Co-showrunners Melissa James Gibson and Frank Pugliese and their writing team had already mapped out nine episodes for the final season of House of Cards when actor Anthony Rapp accused Kevin Spacey of making unwanted sexual advances toward him when he was 14.
Within a week, more than a dozen men came forward with similar accusations of sexual assault, sexual harassment and attempted rape against the two-time Oscar winner. Netflix cut ties with Spacey almost immediately, and the streamer’s flagship series was placed on an indefinite hold with no clarity regarding its future. Some rumors suggested an imminent cancellation, while others hinted at a spin-off. But in the end, the most obvious answer was to promote Robin Wright and her character Claire Underwood, who was now set to take over the White House, to the show’s lead.
“The season of House of Cards written before the Spacey revelations revolved around Claire coercing Frank into giving her a divorce,” Maria Elena Fernandez wrote. “Frank would retreat into the background as he fought to keep his hold on the Oval Office with the help of two new characters, the Shepherds, sibling corporate Republican power brokers (played by Greg Kinnear and Diane Lane) modeled after the real-life Koch brothers. With their money and influence, the Shepherds controlled Frank Underwood’s White House. But they couldn’t control Claire’s; the season would have pitted Frank against Claire until the bitter end.”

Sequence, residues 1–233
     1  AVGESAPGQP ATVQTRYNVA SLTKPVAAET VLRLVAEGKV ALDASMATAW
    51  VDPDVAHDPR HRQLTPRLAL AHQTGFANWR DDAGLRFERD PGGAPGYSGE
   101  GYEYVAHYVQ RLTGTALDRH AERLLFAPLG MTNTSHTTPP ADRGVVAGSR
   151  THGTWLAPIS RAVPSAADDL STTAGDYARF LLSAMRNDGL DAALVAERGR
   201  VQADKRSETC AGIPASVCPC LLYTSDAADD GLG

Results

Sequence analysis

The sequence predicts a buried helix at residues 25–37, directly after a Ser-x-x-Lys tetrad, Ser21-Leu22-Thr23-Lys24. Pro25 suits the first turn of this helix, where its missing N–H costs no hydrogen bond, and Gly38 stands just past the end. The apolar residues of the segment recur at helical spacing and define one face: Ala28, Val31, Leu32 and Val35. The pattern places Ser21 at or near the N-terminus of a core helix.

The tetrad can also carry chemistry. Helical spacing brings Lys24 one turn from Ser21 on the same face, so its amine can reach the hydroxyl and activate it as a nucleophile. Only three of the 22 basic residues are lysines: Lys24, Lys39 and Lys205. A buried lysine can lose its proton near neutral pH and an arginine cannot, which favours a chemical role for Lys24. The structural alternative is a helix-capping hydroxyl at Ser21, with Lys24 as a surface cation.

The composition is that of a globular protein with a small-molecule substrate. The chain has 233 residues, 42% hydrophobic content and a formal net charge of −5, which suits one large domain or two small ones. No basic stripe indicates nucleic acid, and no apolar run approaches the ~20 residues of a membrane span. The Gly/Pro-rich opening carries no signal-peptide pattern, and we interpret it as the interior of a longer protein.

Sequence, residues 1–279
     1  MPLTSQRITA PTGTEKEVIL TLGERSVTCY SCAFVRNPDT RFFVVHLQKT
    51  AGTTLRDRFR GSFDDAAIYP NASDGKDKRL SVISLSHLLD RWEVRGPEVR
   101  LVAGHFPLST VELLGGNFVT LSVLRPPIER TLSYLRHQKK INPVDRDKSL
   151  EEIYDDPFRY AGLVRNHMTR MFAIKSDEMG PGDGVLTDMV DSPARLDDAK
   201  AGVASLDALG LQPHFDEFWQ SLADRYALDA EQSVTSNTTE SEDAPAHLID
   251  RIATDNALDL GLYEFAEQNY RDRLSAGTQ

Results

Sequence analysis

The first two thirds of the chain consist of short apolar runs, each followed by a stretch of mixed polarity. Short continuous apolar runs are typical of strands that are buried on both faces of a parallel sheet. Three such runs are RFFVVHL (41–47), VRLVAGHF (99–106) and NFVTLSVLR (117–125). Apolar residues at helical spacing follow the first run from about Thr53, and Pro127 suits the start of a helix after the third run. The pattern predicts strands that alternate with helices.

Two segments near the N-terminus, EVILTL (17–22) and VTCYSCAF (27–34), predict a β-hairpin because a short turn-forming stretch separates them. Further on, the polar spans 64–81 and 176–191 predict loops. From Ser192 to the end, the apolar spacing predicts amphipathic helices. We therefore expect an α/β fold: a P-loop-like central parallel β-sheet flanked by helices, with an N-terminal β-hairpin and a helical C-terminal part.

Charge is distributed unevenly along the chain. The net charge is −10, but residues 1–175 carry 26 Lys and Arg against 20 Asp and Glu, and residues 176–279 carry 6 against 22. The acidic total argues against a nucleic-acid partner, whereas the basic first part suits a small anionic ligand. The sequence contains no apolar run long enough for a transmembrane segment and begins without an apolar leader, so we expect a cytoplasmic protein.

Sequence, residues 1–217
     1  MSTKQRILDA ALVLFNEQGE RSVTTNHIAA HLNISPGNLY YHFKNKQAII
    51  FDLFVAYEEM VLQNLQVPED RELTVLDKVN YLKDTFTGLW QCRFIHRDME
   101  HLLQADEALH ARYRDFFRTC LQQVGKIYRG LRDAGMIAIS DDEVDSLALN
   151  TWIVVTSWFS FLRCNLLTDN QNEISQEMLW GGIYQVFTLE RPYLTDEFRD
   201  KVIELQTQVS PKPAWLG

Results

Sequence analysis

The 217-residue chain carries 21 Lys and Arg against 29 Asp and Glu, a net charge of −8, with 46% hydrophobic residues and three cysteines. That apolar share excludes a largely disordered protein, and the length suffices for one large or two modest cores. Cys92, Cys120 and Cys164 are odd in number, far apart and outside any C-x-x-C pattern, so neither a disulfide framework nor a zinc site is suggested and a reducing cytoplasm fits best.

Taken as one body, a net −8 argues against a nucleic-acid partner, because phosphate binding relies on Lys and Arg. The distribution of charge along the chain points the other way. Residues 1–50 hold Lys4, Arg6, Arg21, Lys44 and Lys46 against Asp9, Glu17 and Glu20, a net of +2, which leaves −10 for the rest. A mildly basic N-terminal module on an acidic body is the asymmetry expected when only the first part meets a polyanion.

These ideas about power and gender would mainly be expressed through the deteriorating relationship between Frank and Claire, which was, to put it mildly, never the healthiest. But the creative team had not yet settled on a definitive conclusion to the Underwood war. Some writers wanted to see Claire win, while others were debating a scenario in which both Underwoods walked away victorious while the American people lost out. “That felt right for our times,” story editor Tian Jun Gu said. “To see the horrors play out in their victory would have been interesting without being too moralistic.”
On a broader level, House of Cards was pulling from real-life events to inform the story choices and thematics for Season 6. Story editor Sharon Hoffman explained, “It was very surreal because, at the time, it was the very beginning of the #MeToo movement, which was influencing our story and [within it], what it was like to be president and female.”
Season 5 concluded with Claire ascending to the Oval Office and leaving Frank behind. The writers hoped to use this twist as a springboard to a larger story about a female president enduring blatant misogyny while battling with the patriarchy. However, Gibson saw it as “perverse” for the final arc to center around a woman in power being held back by men. “On a meta level, it just didn’t seem right to let things happening outside the show […] end the series that way,” Pugliese added.
House of Cards Season 6 is now available to stream on Netflix.